50% MSMEs ask for monetary incentives to adopt sustainability: SIDBI – D&B

67 per cent of MSMEs have reported an improvement in their understanding of sustainability measures compared to the previous quarter. However, a concerning statistic reveals that 1 in 4 MSMEs lack internal expertise in sustainability measures, highlighting a need for external support.

   

The SIDBI – D&B Sustainability Perception Index (SPeX – the green pulse indicator) has been reported at 46 for April – June 2023. This marks a return to the level of 46 observed in October – December 2022, following a peak of 54 during January – March 2023.

SPeX thoroughly examines the assessment of both internal and external factors that contribute to the perception of sustainability in businesses across three key dimensions: awareness, willingness, and implementation.

In the April – June quarter, the index indicates a reduction of 20 per cent in implementation scores, a 17 per cent decrease in willingness scores, and an 11 per cent downturn in awareness scores—the narrative centres primarily around awareness, orientation, and preparedness of MSMEs on sustainability.

The significant fluctuation in the index is due to a lack of knowledge about institutional products and the internal expertise of enterprises regarding sustainability in different pockets.

One of the key findings is that 67 per cent of MSMEs have reported an improvement in their understanding of sustainability measures compared to the previous quarter. However, a concerning statistic reveals that 1 in 4 MSMEs lack internal expertise in sustainability measures, highlighting a need for external support.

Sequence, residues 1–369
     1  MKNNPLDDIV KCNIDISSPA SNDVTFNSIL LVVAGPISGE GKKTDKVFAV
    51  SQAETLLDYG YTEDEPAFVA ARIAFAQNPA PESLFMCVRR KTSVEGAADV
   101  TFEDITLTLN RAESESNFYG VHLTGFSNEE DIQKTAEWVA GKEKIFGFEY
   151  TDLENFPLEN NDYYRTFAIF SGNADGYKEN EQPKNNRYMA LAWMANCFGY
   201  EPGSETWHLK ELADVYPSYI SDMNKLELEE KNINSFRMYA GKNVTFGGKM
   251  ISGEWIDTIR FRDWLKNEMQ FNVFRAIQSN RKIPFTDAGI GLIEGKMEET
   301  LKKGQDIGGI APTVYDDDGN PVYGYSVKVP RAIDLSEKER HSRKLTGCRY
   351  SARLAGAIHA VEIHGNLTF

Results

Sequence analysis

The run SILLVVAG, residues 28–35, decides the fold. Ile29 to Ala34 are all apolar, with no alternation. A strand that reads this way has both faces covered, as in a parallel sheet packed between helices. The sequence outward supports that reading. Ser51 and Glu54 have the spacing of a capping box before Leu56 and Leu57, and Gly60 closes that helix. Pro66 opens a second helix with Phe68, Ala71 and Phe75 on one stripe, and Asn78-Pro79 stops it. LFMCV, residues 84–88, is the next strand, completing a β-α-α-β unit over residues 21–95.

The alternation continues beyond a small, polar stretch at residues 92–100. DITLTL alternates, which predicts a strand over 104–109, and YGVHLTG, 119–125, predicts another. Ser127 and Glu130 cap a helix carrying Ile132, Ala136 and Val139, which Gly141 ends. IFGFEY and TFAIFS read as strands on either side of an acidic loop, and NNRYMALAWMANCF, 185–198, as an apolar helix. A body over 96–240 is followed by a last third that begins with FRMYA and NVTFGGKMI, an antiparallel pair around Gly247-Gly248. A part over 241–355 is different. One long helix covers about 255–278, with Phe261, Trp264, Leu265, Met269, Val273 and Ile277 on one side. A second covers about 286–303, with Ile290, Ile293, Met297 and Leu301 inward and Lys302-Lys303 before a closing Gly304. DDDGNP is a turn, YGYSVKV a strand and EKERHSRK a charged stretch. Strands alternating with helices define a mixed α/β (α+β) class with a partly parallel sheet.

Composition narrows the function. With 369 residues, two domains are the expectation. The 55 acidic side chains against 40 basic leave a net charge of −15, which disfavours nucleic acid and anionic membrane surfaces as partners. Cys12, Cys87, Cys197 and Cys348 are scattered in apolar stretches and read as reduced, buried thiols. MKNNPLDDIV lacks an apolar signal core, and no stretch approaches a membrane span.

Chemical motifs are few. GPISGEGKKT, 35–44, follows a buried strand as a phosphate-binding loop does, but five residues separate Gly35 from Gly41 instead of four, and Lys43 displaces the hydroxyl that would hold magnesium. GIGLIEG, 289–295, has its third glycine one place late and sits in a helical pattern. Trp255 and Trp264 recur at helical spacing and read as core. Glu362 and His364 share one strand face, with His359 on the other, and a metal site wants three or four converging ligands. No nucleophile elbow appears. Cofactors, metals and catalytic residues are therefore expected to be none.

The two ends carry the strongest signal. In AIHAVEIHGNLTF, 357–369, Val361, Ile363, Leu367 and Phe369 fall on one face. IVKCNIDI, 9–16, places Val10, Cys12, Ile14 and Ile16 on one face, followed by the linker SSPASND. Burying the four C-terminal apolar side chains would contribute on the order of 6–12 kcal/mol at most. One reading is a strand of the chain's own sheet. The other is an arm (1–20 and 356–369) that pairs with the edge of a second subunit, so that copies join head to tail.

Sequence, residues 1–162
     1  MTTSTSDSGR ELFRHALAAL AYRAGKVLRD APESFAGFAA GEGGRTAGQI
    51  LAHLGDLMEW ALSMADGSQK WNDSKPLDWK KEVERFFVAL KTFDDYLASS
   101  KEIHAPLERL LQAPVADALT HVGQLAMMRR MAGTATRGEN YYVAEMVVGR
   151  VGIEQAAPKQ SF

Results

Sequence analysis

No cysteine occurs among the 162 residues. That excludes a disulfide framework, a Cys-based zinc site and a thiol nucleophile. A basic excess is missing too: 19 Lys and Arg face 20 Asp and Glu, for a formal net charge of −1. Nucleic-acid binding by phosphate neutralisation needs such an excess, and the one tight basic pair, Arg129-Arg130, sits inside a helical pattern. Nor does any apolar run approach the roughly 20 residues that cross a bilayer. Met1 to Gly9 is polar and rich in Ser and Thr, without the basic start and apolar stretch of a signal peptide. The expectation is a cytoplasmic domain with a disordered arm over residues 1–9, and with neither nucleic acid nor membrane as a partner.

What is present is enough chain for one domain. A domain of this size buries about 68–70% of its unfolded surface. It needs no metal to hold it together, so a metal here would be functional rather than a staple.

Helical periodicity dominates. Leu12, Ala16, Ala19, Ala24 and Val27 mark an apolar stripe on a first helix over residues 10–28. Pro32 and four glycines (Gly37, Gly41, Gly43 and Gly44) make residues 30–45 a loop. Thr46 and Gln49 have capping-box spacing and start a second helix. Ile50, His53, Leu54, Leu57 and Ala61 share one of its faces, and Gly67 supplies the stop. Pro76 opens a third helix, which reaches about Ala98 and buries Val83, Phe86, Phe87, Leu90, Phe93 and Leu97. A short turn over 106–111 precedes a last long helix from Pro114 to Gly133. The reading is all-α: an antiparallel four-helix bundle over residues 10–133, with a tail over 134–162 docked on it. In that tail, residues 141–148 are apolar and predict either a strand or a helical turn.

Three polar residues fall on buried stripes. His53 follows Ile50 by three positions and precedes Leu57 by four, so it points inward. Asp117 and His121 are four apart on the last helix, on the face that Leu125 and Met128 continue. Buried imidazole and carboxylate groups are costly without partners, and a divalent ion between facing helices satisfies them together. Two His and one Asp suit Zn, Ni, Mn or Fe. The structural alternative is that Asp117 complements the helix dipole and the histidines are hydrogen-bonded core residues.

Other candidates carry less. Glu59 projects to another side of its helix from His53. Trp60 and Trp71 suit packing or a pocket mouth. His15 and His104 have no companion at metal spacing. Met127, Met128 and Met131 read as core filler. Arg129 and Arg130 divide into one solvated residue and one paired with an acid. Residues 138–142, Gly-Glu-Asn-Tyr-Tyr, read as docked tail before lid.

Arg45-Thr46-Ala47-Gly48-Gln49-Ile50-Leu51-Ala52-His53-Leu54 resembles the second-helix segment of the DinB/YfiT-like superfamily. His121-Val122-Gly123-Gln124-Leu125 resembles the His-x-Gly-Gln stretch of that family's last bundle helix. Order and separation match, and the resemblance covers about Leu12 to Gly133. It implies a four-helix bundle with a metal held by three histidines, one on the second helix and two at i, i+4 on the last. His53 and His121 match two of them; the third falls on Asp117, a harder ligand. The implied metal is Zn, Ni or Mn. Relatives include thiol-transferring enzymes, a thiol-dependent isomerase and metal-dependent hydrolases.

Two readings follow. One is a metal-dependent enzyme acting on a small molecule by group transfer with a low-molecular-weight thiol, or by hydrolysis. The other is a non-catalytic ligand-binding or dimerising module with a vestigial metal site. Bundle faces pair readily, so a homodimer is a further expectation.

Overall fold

Half of these enterprises are seeking direct monetary incentives as a catalyst for adopting sustainable practices. Additionally, 8 in 10 MSMEs express the need for increased awareness of sustainability measures, policies, and procedures.

Strikingly, 73 per cent of MSMEs have yet to establish their sustainability targets, indicating room for growth in this area. While 1 in 10 MSMEs recycle more than 75 per cent of their water consumption, significant room remains for improvement.

Notably, MSMEs identify a pressing need for technical support and capital to undertake sustainability initiatives, ranking these challenges among their top three concerns. Cost reductions through efficiency gains and external factors are the primary motivators for MSMEs to engage in sustainability actions.

Furthermore, these enterprises anticipate positive impacts on revenue and employee morale as the top outcomes of their sustainability efforts. Approximately 50 per cent of MSMEs claim to utilize energy-efficient and climate-friendly equipment while also practising emissions, waste, water, and energy reduction, reuse, and recycling.

However, only 33 per cent report prompt and full compliance with sustainability regulations, and just 38 per cent source from ethical suppliers, indicating the need for greater compliance and ethical sourcing practices within the MSME sector.

Talking on the report, Dr. Arun Singh, Global Chief Economist, Dun & Bradstreet said, “It is encouraging to see around 80% of MSMEs recognize the importance of raising awareness about sustainability measures, policies, and procedures. However, to improve sustainability adoption by MSMEs in India, policymakers should provide financial incentives and tax benefits to MSMEs that implement eco-friendly practices. Additionally, creating accessible training programs and workshops focused on sustainable business strategies would empower MSMEs to make informed decisions that positively impact the environment and their bottom line.”

Dr. R.K Singh, CGM, SIDBI stated, “SIDBI – D&B Sustainability Perception Index Survey, April-June 2023 clearly indicates a compelling need to augment the ongoing efforts to increase both awareness and willingness among MSMEs about sustainable development. While awareness and willingness remain high for larger companies, the level of implementation remains low across all sizes of businesses.”

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